Puppeteers for Fears also has brought the monstrous imaginings of horror writer H.P. Lovecraft to the stage with "Cthulhu: The Musical."
In a 1928 short story, Lovecraft tells of Cthulhu, a winged, ocean-dwelling, octopus-faced demon who drives people insane.
Puppeteers for Fears has called Lovecraft's tale "dark, disturbing, and totally unfit for musical comedy — all qualities that make it a perfect fit" for the theater company's style.
For 2018, the theater company hopes to stage "Robopocalypse: The Musical."
Its website offers the following description: "Banks. Bridges. Cars. Artificial intelligence will be running all of them before long. But what happens when it all goes wrong? Hilarity ensues, complete with singing puppets."
Gross said he also wrote a show that would have been a comedy roast of William Shakespeare. Puppets for Sasquatch, aliens, an amorphous blob and other characters would have been used in the fundraising show.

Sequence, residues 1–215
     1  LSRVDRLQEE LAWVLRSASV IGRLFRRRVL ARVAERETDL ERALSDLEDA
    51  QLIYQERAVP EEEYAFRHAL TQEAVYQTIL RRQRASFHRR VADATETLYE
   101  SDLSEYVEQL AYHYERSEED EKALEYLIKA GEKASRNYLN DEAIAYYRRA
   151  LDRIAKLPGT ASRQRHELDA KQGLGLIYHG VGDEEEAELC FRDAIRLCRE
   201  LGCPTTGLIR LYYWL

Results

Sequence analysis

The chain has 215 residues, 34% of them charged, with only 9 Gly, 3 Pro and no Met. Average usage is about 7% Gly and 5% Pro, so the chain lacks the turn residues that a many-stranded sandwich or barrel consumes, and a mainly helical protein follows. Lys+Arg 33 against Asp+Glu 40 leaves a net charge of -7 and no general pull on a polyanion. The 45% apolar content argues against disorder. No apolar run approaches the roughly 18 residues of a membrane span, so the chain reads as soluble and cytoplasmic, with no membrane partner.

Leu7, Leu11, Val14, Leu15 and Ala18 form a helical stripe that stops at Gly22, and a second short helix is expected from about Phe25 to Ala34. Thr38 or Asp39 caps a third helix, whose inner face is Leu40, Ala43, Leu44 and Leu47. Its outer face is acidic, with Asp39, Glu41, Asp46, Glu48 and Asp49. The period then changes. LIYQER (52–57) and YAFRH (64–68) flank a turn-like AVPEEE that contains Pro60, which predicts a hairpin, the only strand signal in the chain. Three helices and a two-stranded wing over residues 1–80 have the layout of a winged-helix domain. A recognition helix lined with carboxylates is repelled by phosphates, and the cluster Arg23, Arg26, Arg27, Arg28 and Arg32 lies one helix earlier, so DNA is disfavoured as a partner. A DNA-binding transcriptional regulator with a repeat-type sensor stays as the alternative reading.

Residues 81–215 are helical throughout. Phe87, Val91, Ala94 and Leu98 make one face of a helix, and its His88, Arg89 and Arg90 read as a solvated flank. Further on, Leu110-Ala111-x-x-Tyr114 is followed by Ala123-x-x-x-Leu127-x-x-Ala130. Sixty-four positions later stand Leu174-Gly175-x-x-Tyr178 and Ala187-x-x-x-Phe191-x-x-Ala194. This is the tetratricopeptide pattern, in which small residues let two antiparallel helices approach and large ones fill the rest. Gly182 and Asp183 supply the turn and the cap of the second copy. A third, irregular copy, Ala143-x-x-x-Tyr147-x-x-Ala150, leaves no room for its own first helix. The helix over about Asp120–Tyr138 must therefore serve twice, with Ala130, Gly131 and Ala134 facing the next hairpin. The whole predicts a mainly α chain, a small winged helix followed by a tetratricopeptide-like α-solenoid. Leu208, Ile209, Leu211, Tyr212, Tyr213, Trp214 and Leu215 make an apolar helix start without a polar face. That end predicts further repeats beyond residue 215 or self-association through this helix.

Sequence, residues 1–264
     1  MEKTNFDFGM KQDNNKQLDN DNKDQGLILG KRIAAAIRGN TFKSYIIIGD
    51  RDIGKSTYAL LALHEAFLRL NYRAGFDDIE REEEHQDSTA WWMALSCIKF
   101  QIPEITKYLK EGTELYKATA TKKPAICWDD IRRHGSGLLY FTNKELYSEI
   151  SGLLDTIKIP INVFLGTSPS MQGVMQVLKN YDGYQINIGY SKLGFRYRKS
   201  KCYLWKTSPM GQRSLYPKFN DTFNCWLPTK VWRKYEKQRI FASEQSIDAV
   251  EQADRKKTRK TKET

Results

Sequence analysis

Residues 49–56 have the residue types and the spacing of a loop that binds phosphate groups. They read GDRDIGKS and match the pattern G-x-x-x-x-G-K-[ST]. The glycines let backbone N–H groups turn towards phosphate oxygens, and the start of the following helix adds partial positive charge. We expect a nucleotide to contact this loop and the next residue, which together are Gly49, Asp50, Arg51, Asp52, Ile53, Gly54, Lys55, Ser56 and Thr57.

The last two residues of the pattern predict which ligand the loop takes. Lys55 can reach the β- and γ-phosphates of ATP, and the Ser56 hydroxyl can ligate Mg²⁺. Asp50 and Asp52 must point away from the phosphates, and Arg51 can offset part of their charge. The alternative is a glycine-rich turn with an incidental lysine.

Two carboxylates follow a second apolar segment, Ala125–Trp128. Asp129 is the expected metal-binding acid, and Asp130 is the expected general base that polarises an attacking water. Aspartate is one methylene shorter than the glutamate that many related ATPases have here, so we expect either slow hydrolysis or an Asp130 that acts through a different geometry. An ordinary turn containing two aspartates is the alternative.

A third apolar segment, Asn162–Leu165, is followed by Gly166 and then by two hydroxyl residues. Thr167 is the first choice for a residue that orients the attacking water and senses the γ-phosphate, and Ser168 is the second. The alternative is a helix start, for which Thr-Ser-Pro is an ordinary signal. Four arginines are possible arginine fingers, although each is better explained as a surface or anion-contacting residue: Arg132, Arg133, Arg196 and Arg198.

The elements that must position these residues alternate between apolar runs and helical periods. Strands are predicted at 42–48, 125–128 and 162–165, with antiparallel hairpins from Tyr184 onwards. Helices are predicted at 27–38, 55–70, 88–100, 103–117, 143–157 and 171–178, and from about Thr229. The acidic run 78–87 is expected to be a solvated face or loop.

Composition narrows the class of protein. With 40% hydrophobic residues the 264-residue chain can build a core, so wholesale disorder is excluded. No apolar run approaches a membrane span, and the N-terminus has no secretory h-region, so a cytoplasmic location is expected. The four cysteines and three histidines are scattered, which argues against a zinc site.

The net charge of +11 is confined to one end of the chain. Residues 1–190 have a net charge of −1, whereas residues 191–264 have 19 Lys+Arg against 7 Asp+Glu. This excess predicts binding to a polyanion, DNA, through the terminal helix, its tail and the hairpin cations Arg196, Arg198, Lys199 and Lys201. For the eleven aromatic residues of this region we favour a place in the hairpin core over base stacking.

"Every day that goes on, we lose money," he said.
The downward spiral
Although the legal dispute between Gross and Sharp-Shapiro centers on money and the ownership of the puppets, Gross says their falling out is actually rooted in hurt feelings caused by an argument this year.
"It became like a line drawn in the sand because feelings were hurt," he said.
Gross said Sharp-Shapiro was given instructions to make a puppet representing the world's worst serial killer for "Ritual Murder: The Musical." She created a puppet that looked evil and terrifying.
However, an actor didn't like the puppet because he thought it should look goofy, Gross said.
Gross said the actor made a comment that was something like, "What the f--- am I supposed to do with that?"
Gross said he told the actor to apologize but Sharp-Shapiro didn't like the apology. Although the exchange between the two lasted only about 15 seconds, Gross said she became increasingly unreasonable about the actor, eventually demanding that he be kicked off the tour.